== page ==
Why do analytics fail? Some will blame the technology and some will blame the business. Either way you think about it analytic projects usually fail because of a wide chasm that exists between the people building the analytics and the people using the analytics. There are a couple of reasons for this condition: 1. Language 2. Organizational Buy In. Without considering both of these things it doesn't matter how brilliant we are as data scientists and business people, our project will more than likely end up in some very pretty Power Point deck never to be seen again. We all work very hard to do analytic projects and they can have significant impact when executed properly. Let's take a look at a couple of things we can do to prevent advanced analytic project failure. It all has to do with the two water crafts below:
2. ORGANIZATIONAL BUY IN:
John why did you do two and then one. Ha! The goal of all analytic projects is to achieve organizational buy in. It is the reason why number 1. Language is so critical. If you can't speak to people in a language they can understand you are more than likely never getting on any boat or off the pier. Without the business people on board with you, your project may not get funded. Not every organization is data driven! (YET) If you look at the Fortune 1500 25 years ago and compare it to the FORTUNE 1500 today it is drastically different. There are many organizations that failed to recognize digitization and modernization. Data and analytics are the currency of the modern world. Not all organizations have the chops like Google, Amazon, and the like. They don't make empirical decisions, they make data driven decisions. We need to gain buy in from our business customers so we can help them do the same. For this reason all data scientists have to work on their HUMAN skills. We have to be superb story tellers and sales people. If you are great at communicating with the business you will get to ride on both water crafts above. (see picture) You will get invited to the boardroom and the yacht.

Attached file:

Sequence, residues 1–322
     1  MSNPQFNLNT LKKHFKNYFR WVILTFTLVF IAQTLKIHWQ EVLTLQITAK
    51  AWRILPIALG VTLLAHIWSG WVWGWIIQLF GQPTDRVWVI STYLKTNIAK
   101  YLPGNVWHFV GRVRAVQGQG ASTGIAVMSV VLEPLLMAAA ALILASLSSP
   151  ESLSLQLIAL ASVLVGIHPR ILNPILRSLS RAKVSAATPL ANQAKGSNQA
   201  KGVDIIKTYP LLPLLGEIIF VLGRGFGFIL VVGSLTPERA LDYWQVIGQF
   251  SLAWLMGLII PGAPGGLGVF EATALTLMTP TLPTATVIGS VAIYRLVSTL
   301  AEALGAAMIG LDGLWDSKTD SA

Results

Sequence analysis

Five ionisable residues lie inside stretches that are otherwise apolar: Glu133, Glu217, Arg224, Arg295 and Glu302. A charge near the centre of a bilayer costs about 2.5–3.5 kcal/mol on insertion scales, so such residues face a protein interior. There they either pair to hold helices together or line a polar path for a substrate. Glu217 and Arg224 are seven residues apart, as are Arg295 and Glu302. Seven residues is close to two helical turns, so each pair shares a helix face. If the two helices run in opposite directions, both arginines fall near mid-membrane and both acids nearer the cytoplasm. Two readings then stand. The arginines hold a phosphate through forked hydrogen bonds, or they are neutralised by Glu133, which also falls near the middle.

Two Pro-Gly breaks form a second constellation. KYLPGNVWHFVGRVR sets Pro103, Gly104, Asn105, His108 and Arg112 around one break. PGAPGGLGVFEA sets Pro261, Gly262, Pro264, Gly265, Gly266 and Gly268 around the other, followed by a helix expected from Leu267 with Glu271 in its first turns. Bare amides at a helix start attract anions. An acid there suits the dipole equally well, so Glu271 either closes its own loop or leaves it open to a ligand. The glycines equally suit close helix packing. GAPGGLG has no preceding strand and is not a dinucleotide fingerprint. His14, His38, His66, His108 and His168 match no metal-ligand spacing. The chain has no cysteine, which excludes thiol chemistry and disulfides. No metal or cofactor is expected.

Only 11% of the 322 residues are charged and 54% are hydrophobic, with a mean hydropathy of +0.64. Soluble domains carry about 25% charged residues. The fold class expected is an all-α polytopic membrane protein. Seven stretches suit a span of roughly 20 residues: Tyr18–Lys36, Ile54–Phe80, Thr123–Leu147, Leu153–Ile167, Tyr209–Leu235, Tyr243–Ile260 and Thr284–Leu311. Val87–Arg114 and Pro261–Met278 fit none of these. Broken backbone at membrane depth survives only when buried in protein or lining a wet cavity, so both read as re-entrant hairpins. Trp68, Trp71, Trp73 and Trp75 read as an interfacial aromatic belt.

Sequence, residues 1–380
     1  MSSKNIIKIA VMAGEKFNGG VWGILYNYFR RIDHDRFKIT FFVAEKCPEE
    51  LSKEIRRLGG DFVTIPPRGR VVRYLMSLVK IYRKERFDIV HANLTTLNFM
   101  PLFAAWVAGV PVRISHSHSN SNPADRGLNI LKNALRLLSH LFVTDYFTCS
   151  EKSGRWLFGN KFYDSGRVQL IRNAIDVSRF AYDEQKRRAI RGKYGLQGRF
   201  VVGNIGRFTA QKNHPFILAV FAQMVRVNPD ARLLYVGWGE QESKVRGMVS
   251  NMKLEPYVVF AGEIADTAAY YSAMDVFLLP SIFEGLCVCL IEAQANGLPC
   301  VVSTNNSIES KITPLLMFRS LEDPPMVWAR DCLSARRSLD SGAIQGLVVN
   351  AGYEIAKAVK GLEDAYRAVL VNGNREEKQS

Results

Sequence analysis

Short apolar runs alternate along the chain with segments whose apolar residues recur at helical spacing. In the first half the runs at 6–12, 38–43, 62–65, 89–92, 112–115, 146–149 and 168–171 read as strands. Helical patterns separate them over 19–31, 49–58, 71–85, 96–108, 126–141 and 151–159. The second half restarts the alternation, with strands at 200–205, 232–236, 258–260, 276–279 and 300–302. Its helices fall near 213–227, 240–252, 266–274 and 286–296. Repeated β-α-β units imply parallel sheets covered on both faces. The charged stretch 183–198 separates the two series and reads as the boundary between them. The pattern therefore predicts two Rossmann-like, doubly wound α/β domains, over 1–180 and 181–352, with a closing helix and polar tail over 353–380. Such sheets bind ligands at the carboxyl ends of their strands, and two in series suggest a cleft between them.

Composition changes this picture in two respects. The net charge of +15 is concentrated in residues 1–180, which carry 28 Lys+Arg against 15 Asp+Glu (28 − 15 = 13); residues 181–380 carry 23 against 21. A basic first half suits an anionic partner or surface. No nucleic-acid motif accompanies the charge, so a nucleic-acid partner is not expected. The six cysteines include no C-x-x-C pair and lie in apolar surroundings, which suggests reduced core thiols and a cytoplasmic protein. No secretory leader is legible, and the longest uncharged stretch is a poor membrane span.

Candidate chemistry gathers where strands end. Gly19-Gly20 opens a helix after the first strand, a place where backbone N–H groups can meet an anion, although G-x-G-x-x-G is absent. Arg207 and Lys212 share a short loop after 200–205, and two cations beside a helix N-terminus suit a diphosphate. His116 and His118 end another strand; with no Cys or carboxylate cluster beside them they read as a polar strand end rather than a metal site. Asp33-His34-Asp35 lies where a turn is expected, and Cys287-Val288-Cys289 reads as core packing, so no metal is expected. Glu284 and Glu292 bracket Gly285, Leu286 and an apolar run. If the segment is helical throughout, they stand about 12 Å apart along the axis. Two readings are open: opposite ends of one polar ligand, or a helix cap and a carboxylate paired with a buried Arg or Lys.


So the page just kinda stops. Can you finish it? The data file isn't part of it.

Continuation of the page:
Above are two pictures of water crafts. (boat snobs I know that the top boat is a yacht)
John, what do boats have to do with analytics. Good question. Let's dig in. Both boats are fun and both boats have people on them. The people on the top most boat are business people. They take all of the business risk and have a lot of goals. Those goals are based around profit/loss, return on investment, shareholder equity, etc. They also make the decisions on funding your analytic projects or have direct line into the people who do. They also have power and influence to introduce change to an organization. These people can help you change PEOPLE and BUSINESS PROCESSES.
The people on the bottom boat are people in the analytic journey. They are great people and also having fun in their boat. They speak a different language and have different goals. Their goals are to develop predictive models, segment customers, classify things, and develop features. Success of the people in the bottom boat rely on the people in the top boat understanding what you are doing and saying. Data science has a language that is very new to the people in the top most boat. As people in the bottom boat we have to think about how we communicate with the people in the top boat. We have to use their language.
So try to put away your markov chains, centroids, and complex math equations and start to learn the language of your business partners. Craft messages they can understand. Also, figure out how to integrate the analytic answers into the business systems and processes so you can operationalize them. There will be another article on the THREE ANALYTIC MILES coming soon.
CONCLUSION: Analytics need to be easy. They need to be made for HUMANS. They require an interface that business people and humans use. For an example of these human interfaces and advanced analytics. Take a look here: Aster Analytic Solutions
You must be a registered user to add a comment. If you've already registered, sign in. Otherwise, register and sign in.